From the ages 8-12, I lived in a small town in East Texas called Crockett. It was named after Davy Crockett, because apparently when he was on his way to fight in the Alamo, he stopped there to get a drink of water or something like that.
It was my dad’s first preaching job, and our Sunday mornings looked like this; my mom would pile her 3 kids in our maroon Astro van. Then, we would begin our shuttle service around the town. We would pick up kids who were black, brown, white, rich, poor, and everything in between. It was back when you didn’t have to wear seatbelts in the back seat, so we would cram into the van and drive to church. Once we got to the building, I witnessed a church that faithfully loved up on every child who came.
At the time, I didn’t realize how this Sunday morning shuttle service, and the hospitality of the Grace Street Church was teaching and shaping my heart for God’s Kingdom. It was in Crockett that I declared Jesus as the Lord of my life through confession and baptism, and it was in Crockett that God began orienting my life for a calling so much bigger than anything I could have ever imagined.
If racial tension were a beach, a red flag would wave today signifying high surf and strong currents. Every camp has its extremists, yet what you hear are most minorities screaming for help and to be heard, and most whites who don’t really know how to respond, which means they either shrink into a shell, or stand still unsure of what to do or what to say about the current social climate.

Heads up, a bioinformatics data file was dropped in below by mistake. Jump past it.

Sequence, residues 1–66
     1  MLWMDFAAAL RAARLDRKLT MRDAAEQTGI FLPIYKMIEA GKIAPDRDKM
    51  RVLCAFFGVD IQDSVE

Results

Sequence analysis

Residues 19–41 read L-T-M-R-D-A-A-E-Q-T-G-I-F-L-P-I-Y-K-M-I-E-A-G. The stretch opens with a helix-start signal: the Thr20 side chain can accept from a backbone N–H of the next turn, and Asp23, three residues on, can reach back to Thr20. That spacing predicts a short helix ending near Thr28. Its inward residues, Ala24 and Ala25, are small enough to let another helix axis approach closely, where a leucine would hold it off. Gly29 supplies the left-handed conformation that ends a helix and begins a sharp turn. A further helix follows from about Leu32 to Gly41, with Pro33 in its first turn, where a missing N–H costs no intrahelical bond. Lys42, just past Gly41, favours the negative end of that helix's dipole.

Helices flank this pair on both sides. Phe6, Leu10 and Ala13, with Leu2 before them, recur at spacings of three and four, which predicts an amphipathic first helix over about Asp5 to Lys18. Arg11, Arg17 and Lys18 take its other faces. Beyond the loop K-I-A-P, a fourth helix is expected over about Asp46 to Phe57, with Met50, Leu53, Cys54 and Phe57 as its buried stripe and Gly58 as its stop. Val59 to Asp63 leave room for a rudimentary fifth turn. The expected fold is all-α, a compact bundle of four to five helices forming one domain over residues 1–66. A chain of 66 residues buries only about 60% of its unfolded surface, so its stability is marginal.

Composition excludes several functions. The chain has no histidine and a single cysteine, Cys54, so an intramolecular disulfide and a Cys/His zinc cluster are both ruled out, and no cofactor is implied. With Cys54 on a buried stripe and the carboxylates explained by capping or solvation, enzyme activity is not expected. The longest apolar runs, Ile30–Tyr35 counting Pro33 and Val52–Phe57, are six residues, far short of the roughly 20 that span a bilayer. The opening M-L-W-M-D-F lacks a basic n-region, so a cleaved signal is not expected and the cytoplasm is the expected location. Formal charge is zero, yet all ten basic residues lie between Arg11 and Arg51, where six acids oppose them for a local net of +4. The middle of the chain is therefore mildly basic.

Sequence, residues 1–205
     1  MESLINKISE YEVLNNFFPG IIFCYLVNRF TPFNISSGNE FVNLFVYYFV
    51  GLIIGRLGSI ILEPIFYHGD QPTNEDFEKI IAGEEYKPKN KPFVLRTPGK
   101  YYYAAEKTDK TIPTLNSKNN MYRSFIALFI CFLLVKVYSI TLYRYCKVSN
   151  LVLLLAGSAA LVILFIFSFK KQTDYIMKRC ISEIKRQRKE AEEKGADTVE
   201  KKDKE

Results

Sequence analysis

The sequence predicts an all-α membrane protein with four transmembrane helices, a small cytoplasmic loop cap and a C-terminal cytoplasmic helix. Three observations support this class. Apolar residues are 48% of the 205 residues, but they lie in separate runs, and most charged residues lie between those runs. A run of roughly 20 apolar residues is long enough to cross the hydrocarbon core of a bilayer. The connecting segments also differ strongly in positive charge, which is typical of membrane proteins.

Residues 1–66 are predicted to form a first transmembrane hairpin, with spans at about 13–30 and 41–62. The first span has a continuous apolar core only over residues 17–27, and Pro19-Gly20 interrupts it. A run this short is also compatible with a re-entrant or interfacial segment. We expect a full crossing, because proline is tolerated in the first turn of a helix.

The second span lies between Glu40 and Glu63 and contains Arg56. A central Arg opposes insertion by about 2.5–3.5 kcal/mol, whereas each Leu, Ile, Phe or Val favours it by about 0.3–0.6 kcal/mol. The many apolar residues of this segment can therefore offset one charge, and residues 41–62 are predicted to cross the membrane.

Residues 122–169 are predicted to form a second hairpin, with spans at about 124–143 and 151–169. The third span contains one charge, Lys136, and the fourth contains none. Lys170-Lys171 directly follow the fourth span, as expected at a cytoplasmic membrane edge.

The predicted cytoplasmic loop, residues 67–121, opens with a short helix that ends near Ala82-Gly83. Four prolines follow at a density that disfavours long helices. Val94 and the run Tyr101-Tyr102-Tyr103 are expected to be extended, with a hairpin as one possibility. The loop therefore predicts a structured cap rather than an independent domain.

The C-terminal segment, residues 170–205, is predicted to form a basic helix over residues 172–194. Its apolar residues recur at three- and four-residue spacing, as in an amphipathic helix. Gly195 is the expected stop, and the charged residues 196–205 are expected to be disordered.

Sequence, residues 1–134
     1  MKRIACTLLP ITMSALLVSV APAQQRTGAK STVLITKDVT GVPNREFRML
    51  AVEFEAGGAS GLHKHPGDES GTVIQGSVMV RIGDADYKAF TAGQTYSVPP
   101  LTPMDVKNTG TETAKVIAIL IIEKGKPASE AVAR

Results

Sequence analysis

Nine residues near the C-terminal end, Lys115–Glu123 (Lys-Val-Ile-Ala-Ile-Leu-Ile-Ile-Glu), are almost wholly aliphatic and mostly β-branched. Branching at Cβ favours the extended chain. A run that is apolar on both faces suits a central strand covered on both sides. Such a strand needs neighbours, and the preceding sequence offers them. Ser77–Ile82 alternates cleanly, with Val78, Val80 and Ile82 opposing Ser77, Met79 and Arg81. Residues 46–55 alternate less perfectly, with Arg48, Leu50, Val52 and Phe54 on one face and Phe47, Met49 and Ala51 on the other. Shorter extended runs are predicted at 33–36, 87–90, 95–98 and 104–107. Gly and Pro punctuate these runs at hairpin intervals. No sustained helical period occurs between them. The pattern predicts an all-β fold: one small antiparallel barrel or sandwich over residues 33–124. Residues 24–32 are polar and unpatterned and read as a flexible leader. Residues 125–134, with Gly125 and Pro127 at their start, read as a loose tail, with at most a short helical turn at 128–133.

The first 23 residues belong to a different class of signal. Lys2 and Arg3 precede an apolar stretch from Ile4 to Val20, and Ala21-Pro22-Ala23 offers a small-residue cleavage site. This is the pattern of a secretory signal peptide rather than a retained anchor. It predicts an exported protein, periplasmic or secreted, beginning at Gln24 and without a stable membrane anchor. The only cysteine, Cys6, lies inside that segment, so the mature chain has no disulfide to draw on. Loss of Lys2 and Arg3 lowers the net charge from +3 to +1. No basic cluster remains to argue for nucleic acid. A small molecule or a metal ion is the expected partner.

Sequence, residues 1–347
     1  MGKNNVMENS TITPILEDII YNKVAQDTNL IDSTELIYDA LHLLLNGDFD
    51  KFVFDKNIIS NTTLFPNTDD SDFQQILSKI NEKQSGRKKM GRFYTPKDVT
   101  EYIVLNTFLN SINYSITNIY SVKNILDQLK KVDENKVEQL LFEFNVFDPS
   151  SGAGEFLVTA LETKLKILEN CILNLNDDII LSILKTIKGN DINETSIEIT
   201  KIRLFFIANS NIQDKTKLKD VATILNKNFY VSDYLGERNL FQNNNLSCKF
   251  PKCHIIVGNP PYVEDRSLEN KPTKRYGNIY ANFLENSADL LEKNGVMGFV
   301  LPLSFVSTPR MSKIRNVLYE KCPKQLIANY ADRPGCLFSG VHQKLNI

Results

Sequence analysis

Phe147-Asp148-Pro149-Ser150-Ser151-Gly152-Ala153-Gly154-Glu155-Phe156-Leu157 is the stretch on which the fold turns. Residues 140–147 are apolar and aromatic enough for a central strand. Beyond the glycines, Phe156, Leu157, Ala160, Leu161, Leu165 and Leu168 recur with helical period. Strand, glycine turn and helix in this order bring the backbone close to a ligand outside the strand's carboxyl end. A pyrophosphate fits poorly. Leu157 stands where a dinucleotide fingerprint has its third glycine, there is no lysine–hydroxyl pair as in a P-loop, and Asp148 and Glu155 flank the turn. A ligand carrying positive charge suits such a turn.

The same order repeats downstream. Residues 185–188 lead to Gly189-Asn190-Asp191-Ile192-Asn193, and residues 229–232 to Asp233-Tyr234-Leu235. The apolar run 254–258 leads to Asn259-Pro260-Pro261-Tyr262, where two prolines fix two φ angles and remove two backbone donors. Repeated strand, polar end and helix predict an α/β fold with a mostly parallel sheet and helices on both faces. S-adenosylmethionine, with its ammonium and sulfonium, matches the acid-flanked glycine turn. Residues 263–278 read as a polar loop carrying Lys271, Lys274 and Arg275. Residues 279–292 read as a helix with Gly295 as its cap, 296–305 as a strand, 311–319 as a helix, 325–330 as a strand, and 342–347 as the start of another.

When people ask me, “What do you think of this #blacklivesmatter stuff?” My immediate response is, “Do black lives matter to God?” Because if we answer that with a yes (which any follower of Jesus should), then we must wrestle with what it means to pursue whatever needs to be done to restore dignity, beauty, and reconciliation.
Here are 4 points to consider as we partner with God to live into His dreams for His world.
Embrace the Gift of God’s Colorful World
A dear friend, Don, challenged me a few years ago that one of the primary goals of racial reconciliation is not to be colorblind, but to embrace humanity as colorful. Being colorblind is helpful; I just don’t think it is realistic. To be colorful means that each tribe, nation, peoples, and language has a history with stories that have shaped their existence. Revelation 7:9-10 doesn’t describe heaven as a place where all redeemed bodies are reshaped into one skin tone, but rather that God’s creativity still shines through. If read right, heaven isn’t where ethnicities go to die, but where they go to be fully redeemed. The cross is where racism, elitism, and every unhealthy form of privilege went to die. And the resurrection is where the church was launched to set in motion God’s ultimate plan to bring together everything that has been divided.
Live to Shrink the Gap